But the haptic feedback in Returnal is a game changer. It adds a fourth dimension to Atropos, often defined by so much more than sight, sound, and story. “Very early on in the development of Returnal, we always knew we were going to be a PS5 game,” Louden says. He describes the earliest development for the advanced haptics in the game as a radical departure from development for the DualShock—the line of controllers from the first four generations of PlayStation, not to be confused with the PS5’s DualSense. “It just wouldn’t work” on the PlayStation 4, Louden says. “We really used all the additional processing, we created the sound waves to give you the feeling of rain bouncing off the controller.”
Sony began development of the DualSense in 2016, with engineers prioritizing haptics as well as the “adaptive triggers,” which vibrate and resist the player’s input based on the character’s own grip on equipment, such as a steering wheel or a shotgun. Despite the advancements, Toshimasa Aoki, a director on the development team for the PS5, downplays the console and the controller as mere accessories in achieving the player’s total immersion into a virtual world. “You’re not playing a game because you want to experience the controller,” Aoki says, “you’re playing the game because you want to experience the game.” He underscores the design challenge in enlivening a controller, a secondary device, only to cast the player’s fixation back onto the screen. But that’s the power of advanced haptics in video games—making the strange sights and sounds of a space-horror game like Returnal account for human touch.
Aoki seems to be discounting an iconic instrument in home entertainment—the controller with its glossy buttons, shoulder triggers, matte thumbsticks, and cone grips—before making an ominous promise about the future of console gaming. It’s a promise familiar to anyone who misses the old home button on the iPhone: a promise to still recognize a user’s fingertips, which long for the customary clicks and clacks, while otherwise removing the physical buttons in favor of seamless digital magic. The DualSense, the liveliest controller you’ve ever held, is only halfway to implementing Aoki’s outlook on haptic feedback in video games. “Our main goal,” Aoki says, “is to make the controller disappear.”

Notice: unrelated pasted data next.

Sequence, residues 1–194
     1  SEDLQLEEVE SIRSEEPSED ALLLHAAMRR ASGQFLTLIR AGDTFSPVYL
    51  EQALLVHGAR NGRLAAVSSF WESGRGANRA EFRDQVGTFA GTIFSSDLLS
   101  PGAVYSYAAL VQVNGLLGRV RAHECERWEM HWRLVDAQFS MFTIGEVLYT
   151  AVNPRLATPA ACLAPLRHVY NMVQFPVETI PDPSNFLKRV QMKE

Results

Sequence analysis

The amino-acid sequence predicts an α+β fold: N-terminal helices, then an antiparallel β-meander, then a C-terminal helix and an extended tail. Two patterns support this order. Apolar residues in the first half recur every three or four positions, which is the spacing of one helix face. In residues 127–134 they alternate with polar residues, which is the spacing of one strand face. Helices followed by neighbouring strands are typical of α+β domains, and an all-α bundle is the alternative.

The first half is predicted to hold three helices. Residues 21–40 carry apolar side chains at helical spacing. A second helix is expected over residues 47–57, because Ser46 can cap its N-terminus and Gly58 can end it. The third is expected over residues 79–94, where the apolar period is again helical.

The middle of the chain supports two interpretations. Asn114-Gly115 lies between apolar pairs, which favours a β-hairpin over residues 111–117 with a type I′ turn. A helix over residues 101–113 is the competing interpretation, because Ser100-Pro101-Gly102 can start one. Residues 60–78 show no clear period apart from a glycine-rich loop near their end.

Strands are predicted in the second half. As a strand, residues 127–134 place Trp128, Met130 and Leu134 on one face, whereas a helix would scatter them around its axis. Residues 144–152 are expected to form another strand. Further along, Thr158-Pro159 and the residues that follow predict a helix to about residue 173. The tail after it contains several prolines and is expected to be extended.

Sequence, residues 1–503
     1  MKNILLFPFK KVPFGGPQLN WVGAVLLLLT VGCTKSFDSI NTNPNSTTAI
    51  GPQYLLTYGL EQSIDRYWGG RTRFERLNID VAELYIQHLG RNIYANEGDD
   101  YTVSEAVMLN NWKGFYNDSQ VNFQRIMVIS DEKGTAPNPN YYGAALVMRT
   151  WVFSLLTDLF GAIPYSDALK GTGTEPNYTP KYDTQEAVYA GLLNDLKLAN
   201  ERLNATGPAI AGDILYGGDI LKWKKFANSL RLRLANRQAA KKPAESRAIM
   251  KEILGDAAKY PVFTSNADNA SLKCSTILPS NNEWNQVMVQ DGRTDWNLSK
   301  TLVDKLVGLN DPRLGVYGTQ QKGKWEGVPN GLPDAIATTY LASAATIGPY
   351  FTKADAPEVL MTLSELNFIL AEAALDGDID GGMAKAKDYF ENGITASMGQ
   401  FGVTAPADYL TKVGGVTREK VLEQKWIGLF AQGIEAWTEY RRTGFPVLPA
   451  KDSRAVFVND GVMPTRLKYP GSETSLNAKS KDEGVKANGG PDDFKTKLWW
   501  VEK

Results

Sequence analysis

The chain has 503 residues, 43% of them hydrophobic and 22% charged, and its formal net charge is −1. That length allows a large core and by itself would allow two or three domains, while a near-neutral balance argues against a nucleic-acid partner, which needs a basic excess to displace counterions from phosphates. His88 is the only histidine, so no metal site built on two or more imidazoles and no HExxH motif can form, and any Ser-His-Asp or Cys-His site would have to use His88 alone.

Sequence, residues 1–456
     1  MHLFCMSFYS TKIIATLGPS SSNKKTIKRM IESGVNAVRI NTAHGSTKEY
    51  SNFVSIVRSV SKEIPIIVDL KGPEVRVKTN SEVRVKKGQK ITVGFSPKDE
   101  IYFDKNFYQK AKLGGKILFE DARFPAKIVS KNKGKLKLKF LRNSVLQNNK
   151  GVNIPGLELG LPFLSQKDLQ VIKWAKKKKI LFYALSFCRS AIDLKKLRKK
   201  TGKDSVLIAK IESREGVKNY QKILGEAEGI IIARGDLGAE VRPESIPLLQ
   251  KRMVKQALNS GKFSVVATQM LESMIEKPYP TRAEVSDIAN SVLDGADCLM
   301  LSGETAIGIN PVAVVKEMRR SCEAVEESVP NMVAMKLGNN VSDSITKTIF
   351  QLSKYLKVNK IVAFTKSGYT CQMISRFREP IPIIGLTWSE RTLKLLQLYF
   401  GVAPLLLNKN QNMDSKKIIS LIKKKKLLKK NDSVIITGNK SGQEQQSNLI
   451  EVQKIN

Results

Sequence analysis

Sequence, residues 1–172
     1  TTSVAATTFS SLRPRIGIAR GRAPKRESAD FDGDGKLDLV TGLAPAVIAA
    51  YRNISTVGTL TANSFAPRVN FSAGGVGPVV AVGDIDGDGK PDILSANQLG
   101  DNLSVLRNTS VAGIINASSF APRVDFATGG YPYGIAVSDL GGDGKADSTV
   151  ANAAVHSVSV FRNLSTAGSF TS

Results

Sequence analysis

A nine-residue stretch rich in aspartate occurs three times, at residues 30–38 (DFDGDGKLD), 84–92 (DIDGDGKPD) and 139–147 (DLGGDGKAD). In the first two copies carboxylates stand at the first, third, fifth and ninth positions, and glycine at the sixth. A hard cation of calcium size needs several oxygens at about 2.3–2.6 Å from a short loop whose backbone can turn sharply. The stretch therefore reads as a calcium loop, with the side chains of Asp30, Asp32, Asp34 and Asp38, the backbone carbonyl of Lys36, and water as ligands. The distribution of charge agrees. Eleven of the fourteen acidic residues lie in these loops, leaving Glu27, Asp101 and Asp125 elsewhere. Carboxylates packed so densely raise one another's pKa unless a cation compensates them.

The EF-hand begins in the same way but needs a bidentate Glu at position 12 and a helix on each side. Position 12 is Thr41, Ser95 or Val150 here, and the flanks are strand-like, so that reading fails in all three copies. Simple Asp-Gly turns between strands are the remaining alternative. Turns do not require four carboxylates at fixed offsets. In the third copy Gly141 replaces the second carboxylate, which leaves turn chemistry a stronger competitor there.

Consider the emoji representing the whole notion of video games in Unicode: not a console, not a mouse and keyboard, neither a plumber nor a hedgehog, but a gamepad.
The video game controller is the ultimate expression of a player’s will and emotions. This idealized controller belongs to no particular platform but owes its details to a few distinct influences in the console market. Nintendo more or less standardized the button layout with the gamepads for the NES and SNES. Sony added two thumbsticks and native haptics to the DualShock for the original PlayStation in the 1990s. Microsoft crafted two rear triggers onto the controller for the original Xbox and added a home button to the Xbox 360 controller, and each company’s controllers supported wireless connectivity by the mid-2000s.
The console and its controllers form an exquisite duality. The console—the powerhouse of the player’s experience—rests on a flat surface, processing the player’s input, the programming logic, and the sensory output to the screen. The controller is the smaller, dynamic device; two fistfuls of verbs. The player inflicts their own drastic movement on the controller; they squeeze, mash, hold, rotate, while also issuing commands in the conventional usage (press X to sell items). But the player holds the controller at their chest or in their lap, often out of sight and only occasionally top of mind. The player might obsess over controller inputs in certain genres (fighting games, rhythm games), but otherwise, as Aoki explained, the controller melts into the player’s hands as the player melts into the screen and into the game.